On the other hand, the two least ideal political systems for Iran would be a constitutional monarchy or a secular republic. Both proposals would not be feasible because they would involve the entire restructuring of the Iranian political system, which may be resisted by hardline elements in the current regime. Additionally, a total restructuring of the Iranian political system may weaken Iranian society and allow for hostile nations opposed to a strong Iran such as the US, Israel, Saudi Arabia, and the UK to gain a foothold in Iran to oppress the Iranian people. A secular republic may also not be accepted because the values it promotes may go against the overall values of the Iranian people.
What does Trump mean for the future of Iran?
President Donald Trump has generally appointed neo-conservatives such as James Mattis and Mike Pompeo to positions of power in his cabinet and views the conflict between the US and Iran as a religious struggle between Shi’a Islam on one hand, and Christianity, Sunni Islam, and Judaism on the other. Additionally, Trump has also talked about a hardening stance with Iran over a number of issues and has met with the leadership of Saudi Arabia and Israel to build up support for an anti-Iran alliance. The development of an anti-Iranian alliance in the Middle East threatens to place the US in the course of military action against Iran.
President Trump is also close with Iranian opposition leaders such as Maryam Rajavi (the head of the People’s Mojahedin of Iran (MEK), a militant group that has killed close to 20,000 Iranian civilians between 1981 and 2001) and Reza Pahlavi (the late Shah of Iran’s son, who is alleged to be working as an operative for the US and Israeli governments). Both Reza Pahlavi and Maryam Rajavi have little support within Iran and would thus not be viewed as legitimate democratic leaders if they somehow gained power. If a war was launched against Iran by the US, Israel, and Saudi Arabia, it would reduce the chances for Iran to gradually transition into a full democracy, permanently destabilize the entire Middle East, and negatively impact the global economy. Additionally, a war with Iran threatens to spark a major global conflict, as countries such as Russia have mutual defense pacts with Iran and would intervene on Iran’s behalf in the event of any potential attack.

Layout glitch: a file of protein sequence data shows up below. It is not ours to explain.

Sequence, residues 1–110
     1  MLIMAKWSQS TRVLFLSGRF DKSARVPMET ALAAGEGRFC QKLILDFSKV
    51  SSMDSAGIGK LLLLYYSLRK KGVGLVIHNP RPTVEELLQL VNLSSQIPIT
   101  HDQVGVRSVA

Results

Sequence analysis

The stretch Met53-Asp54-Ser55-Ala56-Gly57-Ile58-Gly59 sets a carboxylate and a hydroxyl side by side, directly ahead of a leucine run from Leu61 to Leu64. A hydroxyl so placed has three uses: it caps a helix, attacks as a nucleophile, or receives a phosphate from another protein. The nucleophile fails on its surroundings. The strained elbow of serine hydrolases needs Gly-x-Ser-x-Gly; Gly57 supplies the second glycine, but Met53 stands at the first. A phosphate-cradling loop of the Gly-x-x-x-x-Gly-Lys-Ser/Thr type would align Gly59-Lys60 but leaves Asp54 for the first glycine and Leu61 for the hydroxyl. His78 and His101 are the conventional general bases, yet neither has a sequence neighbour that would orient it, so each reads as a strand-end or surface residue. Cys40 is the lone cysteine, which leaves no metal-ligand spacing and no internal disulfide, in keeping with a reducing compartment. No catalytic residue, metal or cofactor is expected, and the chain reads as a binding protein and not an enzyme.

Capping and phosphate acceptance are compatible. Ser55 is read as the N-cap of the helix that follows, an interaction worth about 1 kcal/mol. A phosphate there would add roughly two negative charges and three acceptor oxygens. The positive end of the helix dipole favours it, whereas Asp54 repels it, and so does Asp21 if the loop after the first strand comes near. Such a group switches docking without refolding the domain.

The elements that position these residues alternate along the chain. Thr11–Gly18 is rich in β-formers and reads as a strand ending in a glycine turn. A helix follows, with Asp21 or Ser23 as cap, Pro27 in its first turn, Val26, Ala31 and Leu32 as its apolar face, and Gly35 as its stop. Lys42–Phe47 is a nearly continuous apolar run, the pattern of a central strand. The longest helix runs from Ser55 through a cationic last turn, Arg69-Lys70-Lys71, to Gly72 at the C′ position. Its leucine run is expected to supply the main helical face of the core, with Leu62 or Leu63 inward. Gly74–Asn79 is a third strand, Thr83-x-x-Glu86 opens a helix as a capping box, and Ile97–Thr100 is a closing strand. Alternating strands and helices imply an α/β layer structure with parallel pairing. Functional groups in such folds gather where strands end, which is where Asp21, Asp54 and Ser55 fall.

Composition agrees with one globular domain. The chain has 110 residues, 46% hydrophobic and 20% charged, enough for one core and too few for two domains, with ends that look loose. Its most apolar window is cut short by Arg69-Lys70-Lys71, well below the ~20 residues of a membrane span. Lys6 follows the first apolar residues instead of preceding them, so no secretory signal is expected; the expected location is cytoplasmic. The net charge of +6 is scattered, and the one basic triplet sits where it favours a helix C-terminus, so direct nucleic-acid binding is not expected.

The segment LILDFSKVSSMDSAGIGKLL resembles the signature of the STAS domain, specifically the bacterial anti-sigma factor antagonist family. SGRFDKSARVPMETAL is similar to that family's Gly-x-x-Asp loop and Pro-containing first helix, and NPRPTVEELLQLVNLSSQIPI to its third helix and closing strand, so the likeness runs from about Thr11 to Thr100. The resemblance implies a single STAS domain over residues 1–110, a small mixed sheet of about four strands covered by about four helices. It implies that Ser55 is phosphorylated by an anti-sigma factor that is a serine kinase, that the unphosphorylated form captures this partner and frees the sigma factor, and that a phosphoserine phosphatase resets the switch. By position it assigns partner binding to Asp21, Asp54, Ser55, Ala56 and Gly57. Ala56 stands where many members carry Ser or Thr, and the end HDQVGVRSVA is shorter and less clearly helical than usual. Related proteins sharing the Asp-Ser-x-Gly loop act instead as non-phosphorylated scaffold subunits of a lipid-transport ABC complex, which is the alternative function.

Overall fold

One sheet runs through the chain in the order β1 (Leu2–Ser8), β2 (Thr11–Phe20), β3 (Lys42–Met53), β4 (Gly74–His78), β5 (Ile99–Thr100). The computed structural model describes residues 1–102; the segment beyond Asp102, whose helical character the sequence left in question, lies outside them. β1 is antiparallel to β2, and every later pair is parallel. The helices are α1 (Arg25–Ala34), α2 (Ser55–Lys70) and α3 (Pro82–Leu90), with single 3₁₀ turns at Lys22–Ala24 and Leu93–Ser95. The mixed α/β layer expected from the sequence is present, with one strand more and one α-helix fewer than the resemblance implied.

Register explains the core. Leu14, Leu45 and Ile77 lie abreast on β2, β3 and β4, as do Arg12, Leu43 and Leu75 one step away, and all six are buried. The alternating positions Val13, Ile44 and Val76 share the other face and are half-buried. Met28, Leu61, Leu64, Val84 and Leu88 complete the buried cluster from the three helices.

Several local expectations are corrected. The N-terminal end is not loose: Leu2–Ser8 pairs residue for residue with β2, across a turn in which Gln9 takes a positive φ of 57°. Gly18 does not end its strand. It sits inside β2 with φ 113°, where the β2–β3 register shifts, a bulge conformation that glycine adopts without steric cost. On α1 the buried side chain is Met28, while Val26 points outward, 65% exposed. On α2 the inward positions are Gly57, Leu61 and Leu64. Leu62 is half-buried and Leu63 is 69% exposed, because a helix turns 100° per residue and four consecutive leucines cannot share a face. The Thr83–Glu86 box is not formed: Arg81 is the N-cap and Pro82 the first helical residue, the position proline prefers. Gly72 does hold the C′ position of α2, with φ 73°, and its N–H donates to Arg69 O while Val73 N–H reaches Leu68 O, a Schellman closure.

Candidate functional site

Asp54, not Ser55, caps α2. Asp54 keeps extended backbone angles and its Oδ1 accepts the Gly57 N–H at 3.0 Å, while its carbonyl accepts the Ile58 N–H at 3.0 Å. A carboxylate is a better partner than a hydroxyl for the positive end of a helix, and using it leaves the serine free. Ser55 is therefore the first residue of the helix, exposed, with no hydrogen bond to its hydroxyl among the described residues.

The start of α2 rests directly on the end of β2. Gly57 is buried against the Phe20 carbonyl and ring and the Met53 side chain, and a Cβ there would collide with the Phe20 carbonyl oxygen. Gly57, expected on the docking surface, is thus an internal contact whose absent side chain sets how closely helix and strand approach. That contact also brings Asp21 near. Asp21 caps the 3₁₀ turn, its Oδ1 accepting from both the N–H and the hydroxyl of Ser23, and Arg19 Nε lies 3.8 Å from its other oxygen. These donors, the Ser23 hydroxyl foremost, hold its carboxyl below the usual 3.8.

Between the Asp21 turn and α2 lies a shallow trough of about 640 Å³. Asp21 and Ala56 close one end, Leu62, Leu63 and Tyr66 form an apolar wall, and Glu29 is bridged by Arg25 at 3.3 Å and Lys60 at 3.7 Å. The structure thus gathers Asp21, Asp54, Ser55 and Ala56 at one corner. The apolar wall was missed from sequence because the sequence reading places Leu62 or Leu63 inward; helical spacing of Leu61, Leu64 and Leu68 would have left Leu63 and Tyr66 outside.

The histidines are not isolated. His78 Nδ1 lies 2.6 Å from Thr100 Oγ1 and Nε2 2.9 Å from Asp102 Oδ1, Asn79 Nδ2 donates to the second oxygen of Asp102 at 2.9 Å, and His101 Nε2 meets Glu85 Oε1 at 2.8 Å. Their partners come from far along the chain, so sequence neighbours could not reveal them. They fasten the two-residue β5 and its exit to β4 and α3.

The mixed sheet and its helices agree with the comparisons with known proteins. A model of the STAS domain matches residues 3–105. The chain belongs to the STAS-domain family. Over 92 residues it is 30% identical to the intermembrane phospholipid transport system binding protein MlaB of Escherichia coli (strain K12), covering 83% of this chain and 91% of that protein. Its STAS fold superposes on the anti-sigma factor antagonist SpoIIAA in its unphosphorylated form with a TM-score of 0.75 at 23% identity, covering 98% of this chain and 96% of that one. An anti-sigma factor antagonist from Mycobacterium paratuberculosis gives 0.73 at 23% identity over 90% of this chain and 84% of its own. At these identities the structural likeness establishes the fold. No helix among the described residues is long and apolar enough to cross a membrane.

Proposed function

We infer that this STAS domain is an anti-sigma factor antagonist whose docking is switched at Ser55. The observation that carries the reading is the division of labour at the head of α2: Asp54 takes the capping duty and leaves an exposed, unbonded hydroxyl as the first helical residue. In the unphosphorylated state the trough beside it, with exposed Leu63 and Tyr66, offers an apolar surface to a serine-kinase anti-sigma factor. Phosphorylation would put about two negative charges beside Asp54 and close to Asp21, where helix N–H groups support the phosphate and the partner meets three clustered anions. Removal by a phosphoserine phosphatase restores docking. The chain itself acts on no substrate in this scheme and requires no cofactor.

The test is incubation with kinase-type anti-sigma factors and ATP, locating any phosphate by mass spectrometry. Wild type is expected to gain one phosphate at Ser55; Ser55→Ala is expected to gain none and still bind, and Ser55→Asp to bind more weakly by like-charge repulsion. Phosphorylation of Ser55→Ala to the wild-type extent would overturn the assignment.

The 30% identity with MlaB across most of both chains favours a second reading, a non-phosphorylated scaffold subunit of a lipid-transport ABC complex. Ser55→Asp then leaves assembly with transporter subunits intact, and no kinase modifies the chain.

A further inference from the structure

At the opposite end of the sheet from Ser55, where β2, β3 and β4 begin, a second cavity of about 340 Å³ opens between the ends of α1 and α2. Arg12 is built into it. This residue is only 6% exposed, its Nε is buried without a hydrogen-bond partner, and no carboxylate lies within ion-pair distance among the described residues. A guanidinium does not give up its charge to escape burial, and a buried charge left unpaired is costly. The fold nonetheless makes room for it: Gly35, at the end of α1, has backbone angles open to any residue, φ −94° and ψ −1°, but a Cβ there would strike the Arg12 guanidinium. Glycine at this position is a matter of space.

Several factors may ultimately influence a proposed democratic transition in Iran. Arguably the strongest factor that would play a role is the relationships between the hardliners and the moderates within the government. In the relationship between both the hardliners and the reformists within the Iranian government shows that there exists the potential for Iran to go through a gradual process towards full democratization. A potential agreement between both groups may allow Iran to go through a gradual and phased transition to democracy within the confines of the current Iranian political structure. Additionally, a gradual approach to democratization might serve as a way to reduce some of the tensions that have occurred in other countries that implemented a less gradual and more immediate democratic transition. Such a transition is also dependent on continued political activism among the populace, the overall strength of the economy in the coming years, the role of foreign powers, and the future role of Iran within the Middle East.